REAL AUSTRALIA

Voice of Real Australia: Surviving the test of time

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Goulburn Evening Penny Post editor from 1885 to 1900, Thomas Hebblewhite.

Goulburn Evening Penny Post editor from 1885 to 1900, Thomas Hebblewhite.

We're pretty confident informed, engaged readers are aware of the Save Our Voices campaign resonating across the nation right now.

Your local media outlets - in whichever medium you choose - are committed to shining a light on your community's issues, in good times and in bad. They are a lifeline in times of drought, bushfire and flood. They help create a sense of community and purpose.

Besides the various organisations involved in the campaign - why not listen to the parents of Daniel Morcombe, Bruce and Denise? They believe had there been no local media on the Sunshine Coast, their boy, abducted from them 2003 when he was just 13 years of age, would never have been found. Eight years later, Brett Cowan was charged with the Daniel's murder.

It's a heartbreaking example but an incredibly powerful one.

There's also the deep-seated roots regional organisations have within their communities - take TheGoulburn Post for example.

Today The Post published a special anniversary edition - to celebrate its 150th year.

Of the several newspapers that have flourished and foundered over the years only one has survived the test of time - The Goulburn Post. As Roger Bayley, a member of the Goulburn and District Historical and Genealogical Society recalled: "... it once gloried in the name of the Penny Post.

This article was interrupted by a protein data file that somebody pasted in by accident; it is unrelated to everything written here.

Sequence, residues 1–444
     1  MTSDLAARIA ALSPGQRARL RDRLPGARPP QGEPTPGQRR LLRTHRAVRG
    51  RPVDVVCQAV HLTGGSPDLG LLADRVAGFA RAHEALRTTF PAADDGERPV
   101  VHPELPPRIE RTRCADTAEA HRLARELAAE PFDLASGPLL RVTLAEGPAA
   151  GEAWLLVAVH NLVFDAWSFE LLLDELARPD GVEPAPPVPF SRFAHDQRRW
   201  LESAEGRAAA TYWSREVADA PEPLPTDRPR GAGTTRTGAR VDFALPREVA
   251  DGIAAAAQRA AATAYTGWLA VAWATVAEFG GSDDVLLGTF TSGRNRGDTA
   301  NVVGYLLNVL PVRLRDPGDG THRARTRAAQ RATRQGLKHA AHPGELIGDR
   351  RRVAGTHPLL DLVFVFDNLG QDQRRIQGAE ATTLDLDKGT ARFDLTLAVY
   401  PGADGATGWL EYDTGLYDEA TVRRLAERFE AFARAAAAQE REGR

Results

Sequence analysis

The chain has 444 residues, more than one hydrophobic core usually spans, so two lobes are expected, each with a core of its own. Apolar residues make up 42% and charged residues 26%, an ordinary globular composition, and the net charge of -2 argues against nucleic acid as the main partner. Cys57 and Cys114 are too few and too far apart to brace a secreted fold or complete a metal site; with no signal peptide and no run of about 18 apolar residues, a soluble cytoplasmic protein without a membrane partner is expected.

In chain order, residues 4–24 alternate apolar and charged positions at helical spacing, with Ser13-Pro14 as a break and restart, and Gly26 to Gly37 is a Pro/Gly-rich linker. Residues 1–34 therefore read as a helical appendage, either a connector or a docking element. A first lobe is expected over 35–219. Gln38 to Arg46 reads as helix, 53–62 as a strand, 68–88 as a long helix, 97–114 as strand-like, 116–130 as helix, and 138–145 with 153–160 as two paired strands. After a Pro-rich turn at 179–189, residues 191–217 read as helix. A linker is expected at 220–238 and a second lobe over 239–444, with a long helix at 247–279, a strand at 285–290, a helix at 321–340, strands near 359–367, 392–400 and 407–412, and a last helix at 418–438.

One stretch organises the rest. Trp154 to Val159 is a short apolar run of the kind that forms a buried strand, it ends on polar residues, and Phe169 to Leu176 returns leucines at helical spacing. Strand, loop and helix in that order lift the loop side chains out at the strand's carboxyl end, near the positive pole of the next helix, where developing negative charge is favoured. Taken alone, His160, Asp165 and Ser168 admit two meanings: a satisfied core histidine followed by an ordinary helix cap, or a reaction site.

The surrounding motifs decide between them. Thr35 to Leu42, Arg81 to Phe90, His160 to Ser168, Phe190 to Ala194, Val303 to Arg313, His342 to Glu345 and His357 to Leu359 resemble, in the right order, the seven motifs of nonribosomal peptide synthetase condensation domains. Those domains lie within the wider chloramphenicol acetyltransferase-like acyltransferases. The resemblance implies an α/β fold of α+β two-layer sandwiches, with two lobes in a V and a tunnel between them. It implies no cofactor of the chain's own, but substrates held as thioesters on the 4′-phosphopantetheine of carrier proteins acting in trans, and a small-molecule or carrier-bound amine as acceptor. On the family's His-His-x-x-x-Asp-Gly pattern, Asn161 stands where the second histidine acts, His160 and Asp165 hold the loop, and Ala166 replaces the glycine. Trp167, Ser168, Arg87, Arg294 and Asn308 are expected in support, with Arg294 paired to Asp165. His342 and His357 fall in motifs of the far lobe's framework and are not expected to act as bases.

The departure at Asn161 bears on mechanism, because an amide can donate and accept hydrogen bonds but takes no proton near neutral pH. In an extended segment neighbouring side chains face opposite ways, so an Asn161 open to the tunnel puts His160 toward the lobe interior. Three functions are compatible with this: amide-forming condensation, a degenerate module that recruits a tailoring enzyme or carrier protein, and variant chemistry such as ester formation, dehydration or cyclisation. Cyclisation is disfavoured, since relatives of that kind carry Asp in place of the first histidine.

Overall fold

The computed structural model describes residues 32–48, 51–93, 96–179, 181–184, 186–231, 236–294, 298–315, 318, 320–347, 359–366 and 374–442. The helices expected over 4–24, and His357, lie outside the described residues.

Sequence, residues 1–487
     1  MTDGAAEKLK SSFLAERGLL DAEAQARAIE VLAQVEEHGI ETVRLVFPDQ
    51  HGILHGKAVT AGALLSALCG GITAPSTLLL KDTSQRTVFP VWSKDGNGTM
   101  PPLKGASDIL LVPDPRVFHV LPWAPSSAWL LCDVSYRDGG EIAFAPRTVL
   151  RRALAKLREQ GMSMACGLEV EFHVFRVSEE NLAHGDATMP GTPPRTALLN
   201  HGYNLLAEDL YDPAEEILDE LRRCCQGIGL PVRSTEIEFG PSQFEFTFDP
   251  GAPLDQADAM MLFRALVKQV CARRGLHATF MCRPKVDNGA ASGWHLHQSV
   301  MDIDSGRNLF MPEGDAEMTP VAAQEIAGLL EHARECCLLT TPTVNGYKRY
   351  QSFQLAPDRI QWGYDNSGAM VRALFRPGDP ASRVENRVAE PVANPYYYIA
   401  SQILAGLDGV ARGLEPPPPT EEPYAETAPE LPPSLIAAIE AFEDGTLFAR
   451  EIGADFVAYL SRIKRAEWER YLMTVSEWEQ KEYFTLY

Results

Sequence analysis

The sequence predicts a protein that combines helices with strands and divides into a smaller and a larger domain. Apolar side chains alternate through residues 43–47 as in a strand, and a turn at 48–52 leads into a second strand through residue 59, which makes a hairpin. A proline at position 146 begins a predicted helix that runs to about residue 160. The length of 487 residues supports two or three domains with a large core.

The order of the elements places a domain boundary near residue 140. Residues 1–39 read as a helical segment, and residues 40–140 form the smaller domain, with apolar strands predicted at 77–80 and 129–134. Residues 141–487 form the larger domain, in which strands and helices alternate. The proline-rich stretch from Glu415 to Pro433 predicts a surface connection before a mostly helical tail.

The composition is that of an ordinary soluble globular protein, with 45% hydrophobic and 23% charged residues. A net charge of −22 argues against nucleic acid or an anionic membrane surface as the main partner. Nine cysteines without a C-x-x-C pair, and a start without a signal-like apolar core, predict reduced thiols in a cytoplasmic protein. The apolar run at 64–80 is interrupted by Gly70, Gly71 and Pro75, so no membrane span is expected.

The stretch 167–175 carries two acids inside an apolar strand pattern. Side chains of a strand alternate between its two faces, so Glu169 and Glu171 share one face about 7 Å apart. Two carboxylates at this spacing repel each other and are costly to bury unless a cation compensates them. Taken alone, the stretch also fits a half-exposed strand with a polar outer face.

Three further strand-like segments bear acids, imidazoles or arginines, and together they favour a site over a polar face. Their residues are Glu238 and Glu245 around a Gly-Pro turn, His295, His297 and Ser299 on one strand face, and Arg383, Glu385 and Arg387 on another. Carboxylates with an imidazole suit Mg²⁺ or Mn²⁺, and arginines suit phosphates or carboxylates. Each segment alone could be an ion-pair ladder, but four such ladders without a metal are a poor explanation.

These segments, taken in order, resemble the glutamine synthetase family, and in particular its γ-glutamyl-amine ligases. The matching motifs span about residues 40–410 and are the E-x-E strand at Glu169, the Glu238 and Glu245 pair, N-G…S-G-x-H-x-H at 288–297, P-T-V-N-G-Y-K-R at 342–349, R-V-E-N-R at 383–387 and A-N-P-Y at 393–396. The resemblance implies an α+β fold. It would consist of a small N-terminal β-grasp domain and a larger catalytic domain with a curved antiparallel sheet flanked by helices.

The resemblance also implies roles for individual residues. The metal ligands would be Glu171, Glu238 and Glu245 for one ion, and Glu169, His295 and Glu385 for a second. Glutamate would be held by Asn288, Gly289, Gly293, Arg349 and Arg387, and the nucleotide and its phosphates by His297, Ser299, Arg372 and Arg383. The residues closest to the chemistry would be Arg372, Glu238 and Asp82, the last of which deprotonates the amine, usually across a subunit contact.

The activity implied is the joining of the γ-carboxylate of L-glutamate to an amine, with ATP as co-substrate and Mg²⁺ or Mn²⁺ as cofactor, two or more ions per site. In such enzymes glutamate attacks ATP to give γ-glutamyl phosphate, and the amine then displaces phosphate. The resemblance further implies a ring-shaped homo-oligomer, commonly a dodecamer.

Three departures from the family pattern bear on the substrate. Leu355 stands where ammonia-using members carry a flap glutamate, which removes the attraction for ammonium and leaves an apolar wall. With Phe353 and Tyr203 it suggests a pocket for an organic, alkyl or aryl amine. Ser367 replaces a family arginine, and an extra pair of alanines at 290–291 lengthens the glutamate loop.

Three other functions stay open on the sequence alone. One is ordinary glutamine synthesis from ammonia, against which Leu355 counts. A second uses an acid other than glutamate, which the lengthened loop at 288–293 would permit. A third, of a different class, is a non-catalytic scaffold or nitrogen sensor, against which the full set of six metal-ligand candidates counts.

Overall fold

"It would be easy to assume that the name reflected the price - one penny - but there is much more to the story than that, and it is a story worth telling." You can read the full story here.

Today's Goulburn Post staff have paid tribute to their professional forefathers with a series of articles celebrating those magnificent 150 years.

It may come from a very different time

In 1885 the gloriously named Thomas J Hebblewhite, the editor, wrote: "The newspaper is teacher and taught; the forged and the forger of the thunderbolt of public opinion ... It is a teacher whose forum is the wide world and whose text is the universe ... It is the many sided conversation of the day crystallised."

Long may our days be crystallised by regional media.

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